Andrea Collarini Now Represents the US [Archive] - MensTennisForums.com

Andrea Collarini Now Represents the US

Chip_s_m
05-22-2010, 06:34 PM
This news is a couple months old, but interesting nonetheless.

Collarini is a top junior (18 years old) who was born in the US but at age three moved back to Argentina where his parents are originally from. I guess since he was born here he's always had American citizenship (in addition to Argentinian I'm assuming), which attracted the USTA to him. Here is an article (in Spanish):


http://www.mdzol.com/mdz/nota/193705-La-gran-promesa-del-tenis-argentino-representar%C3%A1-a-Estados-Unidos/

I don't speak Spanish well enough to translate, but here is a translation from the comments section of a Zootennis.com post:

The great promise of Argentine tennis will represent the U.S.

Collarini Andrea was one of the great hopes for Argentine tennis, however, an important U.S. offer made him decide to represent the country. Discomfort in the AAT.

Andrea Collarini is called to be one of the great promises of world tennis. With 18 years and a 15th place in the world ranking junior, decided to go to America to represent the country thanks to a grant offered by the USTA (United States Tennis Association).

Collarini was tempted by an offer, including travel, home trainer, nutritionist, psychologist and invitations to tournaments.
Ricardo Collarini, Andrea's father, said the player had a hard time making the decision, and that both he and his family are very grateful to the AAT.

Victor Romani, vice president of the AAT, Collarini said that "we help in tours of Europe, we invite you to the tournaments. I see no reason for a counteroffer because our role is the development of children. All he did was for us. Therefore it never occurred to me to offer something "

Well that's good news for American tennis. I imagine the Argentinians are disappointed, though. You can't blame him for doing what he believes is best for his career. That kind of material support would be tough to turn down.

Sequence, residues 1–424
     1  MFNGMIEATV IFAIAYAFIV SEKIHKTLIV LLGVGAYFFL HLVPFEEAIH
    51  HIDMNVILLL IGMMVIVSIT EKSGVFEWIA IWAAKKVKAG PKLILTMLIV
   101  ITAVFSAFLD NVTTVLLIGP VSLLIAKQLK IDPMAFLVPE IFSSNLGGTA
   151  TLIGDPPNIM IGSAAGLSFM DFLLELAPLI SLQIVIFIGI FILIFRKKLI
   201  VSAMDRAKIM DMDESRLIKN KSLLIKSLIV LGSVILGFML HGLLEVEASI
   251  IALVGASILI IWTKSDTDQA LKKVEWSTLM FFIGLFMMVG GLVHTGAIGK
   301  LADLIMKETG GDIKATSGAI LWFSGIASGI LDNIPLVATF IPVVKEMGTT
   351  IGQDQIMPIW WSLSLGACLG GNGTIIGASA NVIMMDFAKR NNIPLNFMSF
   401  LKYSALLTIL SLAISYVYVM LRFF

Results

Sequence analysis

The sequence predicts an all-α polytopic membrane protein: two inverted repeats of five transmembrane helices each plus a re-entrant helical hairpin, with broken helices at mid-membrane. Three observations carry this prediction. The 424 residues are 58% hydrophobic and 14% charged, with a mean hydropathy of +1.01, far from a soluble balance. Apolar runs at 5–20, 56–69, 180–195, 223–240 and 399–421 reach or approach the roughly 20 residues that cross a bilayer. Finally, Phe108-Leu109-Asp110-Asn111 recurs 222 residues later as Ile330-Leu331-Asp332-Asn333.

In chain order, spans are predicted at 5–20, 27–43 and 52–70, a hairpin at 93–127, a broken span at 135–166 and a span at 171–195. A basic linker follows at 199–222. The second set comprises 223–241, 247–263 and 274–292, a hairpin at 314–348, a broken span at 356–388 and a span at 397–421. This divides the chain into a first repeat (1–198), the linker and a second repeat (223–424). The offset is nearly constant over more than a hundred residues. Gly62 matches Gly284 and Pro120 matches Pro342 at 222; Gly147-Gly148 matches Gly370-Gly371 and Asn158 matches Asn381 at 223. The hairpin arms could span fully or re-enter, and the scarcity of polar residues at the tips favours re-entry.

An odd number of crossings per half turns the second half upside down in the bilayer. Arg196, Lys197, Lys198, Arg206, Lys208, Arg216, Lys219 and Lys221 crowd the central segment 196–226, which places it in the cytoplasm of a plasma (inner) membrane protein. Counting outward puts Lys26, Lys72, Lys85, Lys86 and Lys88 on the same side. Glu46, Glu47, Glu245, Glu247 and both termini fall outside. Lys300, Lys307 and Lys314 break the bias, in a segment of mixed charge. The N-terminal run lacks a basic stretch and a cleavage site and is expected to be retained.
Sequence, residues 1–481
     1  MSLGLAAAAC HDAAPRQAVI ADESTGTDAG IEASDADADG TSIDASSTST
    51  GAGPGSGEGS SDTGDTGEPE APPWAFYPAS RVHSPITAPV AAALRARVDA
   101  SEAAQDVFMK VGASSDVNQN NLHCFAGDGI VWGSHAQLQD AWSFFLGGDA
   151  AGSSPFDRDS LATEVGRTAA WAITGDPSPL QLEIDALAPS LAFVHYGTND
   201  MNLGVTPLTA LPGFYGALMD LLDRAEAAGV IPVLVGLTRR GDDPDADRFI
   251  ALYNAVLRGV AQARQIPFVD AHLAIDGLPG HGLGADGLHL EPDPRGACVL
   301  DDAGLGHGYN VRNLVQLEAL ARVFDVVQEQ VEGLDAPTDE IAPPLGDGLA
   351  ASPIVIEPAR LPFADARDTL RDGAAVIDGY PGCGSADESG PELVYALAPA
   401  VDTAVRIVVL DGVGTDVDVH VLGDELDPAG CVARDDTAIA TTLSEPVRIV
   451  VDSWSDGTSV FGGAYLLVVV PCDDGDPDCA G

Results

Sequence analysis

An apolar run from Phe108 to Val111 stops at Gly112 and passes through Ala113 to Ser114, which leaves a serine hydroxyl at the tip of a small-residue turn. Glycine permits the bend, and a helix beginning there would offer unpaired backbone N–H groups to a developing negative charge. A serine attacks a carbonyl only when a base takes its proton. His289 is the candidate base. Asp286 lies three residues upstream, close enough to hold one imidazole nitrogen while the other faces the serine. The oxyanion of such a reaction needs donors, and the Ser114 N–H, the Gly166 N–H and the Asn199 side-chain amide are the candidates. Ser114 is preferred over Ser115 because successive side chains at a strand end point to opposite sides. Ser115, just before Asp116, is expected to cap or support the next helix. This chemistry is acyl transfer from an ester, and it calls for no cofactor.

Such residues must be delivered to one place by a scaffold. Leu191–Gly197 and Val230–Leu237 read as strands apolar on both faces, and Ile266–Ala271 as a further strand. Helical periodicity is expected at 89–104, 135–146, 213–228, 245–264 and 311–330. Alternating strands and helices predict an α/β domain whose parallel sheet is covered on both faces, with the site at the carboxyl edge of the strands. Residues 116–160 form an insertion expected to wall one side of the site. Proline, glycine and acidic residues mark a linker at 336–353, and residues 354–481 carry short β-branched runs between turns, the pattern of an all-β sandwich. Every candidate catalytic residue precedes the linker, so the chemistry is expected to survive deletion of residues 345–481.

He has been as high as #5 in the junior rankings and his current ATP rank is 678. According to the ATP website he now lives in Boca Raton. This week he's playing in a Spanish futures event and has reached the semifinals. He's done well in a number of tournaments in Europe recently and of course is quite good on clay. I for one am happy to have him and wish him all the best. Fans of American tennis are certainly lucky that he's representing the US.

SHB
06-03-2010, 12:42 AM
He's the last American boy standing at the French.

Deboogle!.
06-03-2010, 01:15 AM
Interesting :eek:

Chip_s_m
06-03-2010, 11:00 PM
Into the semis at RG. Plays #9 seed Beretta of Peru, whom I don't know anything about. He has a real good chance to win this thing, especially with Mina and Fernandes out.

Deboogle!.
06-05-2010, 05:04 PM
Very interesting article on how his playing nationality came about. And he's in the final tomorrow.
============================
Coming to America
By Douglas Robson

PARIS—A group of Argentine reporters stood with tape recorders at-the-ready for a junior tennis player. But the boy they were waiting for wasn’t playing for Argentina; he was playing for the United States. Andrea Collarini, an 18-year-old with dark curly hair and bright prospects on clay, had just upset ninth-seeded Duilio Beretta of Peru 6-3, 6-3, to reach the boys’ singles final at Roland Garros. Collarini could become the first French Open boys’ winner for the U.S. since John McEnroe in 1977. But as he entered the small press room for his interview, South American reporters easily outnumbered their North American counterparts.